2023 Was The Hottest Year On Record, But Scientists Are Already Worried About 2024

Last year may have been the hottest one for 100,000 years.
2023 was the hottest year on record. So what does that mean for this year?
2023 was the hottest year on record. So what does that mean for this year?
Zac Goodwin - PA Images via Getty Images

2023 was the hottest year since records began, making global temperatures 1.48C hotter than the pre-industrial average climate.

This means we came dangerously close to the 1.5C temperature limit countries agreed to stick to in the 2015 Paris Agreement to avoid the most disastrous consequences of the climate crisis.

Here’s what you need to know.

How hot was 2023?

Very hot.

According to the European Union’s Copernicus Climate Change Service, the 2023 average was the highest temperature since records began in 1940, increasing by an average of 1.48C.

By studying sources like tree rings and air bubbles in glaciers, it was also probably the hottest year in 100,000 years, the scientists say.

The specialists found the world exceeded the 1.5C limit on more than half of the days of 2023, setting a “dire precedent”, while CO2 emissions also hit another new record level in 2023.

The current El Nino – the natural warming of the Pacific Ocean which adds to higher global temperatures – has contributed , too.

The weather phenomenon definitely heightened 2023′s temperatures, although scientists can’t be sure if the record-breaking year was solely down to this, or if it was another factor we’re yet to uncover.

The Copernicus Climate Change Service’s director, Carlo Buontempo said: “We don’t know whether something else has happened in the climate system and we may have passed some tipping point.

“We don’t have evidence of it, but we don’t have evidence of the contrary either.”

We did not technically break the Paris Agreement, because the terms refer to repeatedly breaching the 1.5C limit over several decades.

But, it’s still alarming. As Buontemp said: “The extremes we have observed over the last few months provide a dramatic testimony of how far we now are from the climate in which our civilisation developed.”

As London School of Economics and Political Science’s Bob Ward told HuffPost UK the results were “shocking but not surprising” – especially after a year full of extreme weather and natural disasters.

Scientists noted throughout 2023 that every month since June has been the world’s hottest on record compared with the corresponding month in previous years.

As director of policy and communications of the Grantham Research Institute on Climate Change and the Environment, Ward added: “This has been yet another exceptional year, with global average temperature perilously close to the threshold of dangerous climate change that governments have agreed we should avoid.”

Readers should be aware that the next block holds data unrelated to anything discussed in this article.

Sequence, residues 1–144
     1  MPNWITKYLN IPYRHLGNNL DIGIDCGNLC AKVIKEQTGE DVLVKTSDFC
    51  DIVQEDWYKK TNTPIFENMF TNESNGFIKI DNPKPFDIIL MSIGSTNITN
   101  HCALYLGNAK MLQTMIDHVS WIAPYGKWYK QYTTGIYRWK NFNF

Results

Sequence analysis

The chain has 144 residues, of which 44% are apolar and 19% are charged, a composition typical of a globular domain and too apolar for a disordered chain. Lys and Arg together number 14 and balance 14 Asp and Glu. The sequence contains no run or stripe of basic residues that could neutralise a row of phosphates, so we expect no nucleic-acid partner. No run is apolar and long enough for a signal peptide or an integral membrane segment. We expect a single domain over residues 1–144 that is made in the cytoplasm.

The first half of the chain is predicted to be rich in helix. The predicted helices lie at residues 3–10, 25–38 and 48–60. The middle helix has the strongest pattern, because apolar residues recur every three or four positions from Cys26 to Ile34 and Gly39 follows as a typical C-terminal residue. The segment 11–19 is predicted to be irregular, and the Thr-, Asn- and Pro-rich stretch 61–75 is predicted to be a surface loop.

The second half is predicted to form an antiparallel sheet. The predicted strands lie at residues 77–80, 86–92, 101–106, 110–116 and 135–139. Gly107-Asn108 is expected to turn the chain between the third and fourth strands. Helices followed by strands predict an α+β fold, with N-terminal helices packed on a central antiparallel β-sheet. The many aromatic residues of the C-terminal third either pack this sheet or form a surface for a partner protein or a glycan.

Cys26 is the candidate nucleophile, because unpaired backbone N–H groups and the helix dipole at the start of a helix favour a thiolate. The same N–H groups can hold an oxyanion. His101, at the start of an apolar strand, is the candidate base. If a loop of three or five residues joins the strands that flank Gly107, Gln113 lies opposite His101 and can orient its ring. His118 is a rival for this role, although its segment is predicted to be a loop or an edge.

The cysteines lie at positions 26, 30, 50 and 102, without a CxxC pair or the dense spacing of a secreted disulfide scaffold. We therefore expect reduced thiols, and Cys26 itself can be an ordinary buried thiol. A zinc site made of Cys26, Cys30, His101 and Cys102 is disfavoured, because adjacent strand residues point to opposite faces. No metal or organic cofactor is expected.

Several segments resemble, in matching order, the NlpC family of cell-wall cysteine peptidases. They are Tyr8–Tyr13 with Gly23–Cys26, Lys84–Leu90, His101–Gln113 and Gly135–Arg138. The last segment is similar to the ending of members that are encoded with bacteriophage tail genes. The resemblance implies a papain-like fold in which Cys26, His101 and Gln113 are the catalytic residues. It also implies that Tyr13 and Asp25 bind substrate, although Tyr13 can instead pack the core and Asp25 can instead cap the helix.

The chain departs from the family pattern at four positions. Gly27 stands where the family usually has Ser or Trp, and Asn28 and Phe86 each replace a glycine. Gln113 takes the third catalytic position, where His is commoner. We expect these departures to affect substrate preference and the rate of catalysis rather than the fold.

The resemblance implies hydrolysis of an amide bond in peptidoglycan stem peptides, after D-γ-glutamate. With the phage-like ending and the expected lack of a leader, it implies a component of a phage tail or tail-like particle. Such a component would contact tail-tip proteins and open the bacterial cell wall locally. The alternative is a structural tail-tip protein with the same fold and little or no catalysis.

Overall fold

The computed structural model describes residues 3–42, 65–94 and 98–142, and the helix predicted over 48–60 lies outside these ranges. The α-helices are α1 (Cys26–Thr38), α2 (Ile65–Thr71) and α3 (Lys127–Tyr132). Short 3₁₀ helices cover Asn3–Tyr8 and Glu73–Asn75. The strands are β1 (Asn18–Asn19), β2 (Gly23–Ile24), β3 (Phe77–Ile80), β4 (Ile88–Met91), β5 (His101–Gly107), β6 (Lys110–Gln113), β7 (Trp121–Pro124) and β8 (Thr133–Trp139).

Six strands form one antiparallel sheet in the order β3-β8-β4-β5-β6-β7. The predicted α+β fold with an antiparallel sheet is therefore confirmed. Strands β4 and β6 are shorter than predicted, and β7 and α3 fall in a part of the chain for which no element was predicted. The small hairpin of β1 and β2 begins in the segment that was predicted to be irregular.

Calling for an urgent end to fossil fuels, he said: “We are peering into the abyss, with the lives and livelihoods of millions of people around the world now at risk.”

Why is 2024 expected to be even hotter?

The second year of the El Nino phenomenon has historically been warmed than the first, because it takes several months to come into full effect.

Early estimates suggest 2024 will be between 1.3C hotter than pre-industrial temperatures – or 1.6C.

El Nino, part of a multi-year cycle including a neutral period and its cooler counterpart La Nina.

As Michael McPhaden, senior scientist at the National Oceanic and Atmospheric Administration told Bloomberg, there’s also a “lag or delay between heating of the tropical Pacific and the rise in global surface temperatures”.

And as the climate crisis intensifies, both El Nino and La Nina have had more extreme impacts on the global temperature.

There were also some anomalies in 2023, like the record heat recorded in the Atlantic Ocean in late July – which is not usually triggered by El Nino – which means this year could be even more unpredictable.

At the moment, scientists predict 2024 will mean places where rainfall is common will become dry, and dry places become wet, which will probably seriously impact agriculture, trigger floods and droughts.

Wildfires are also a significant risk, as are storms – and coral bleaching, similar to that seen in a comparable El Nino year, 2016.

However, history suggests El Nino does drop off by mid-2024, so the weather should calm down a little – but, we are in an unprecedented time and there’s no guarantee.


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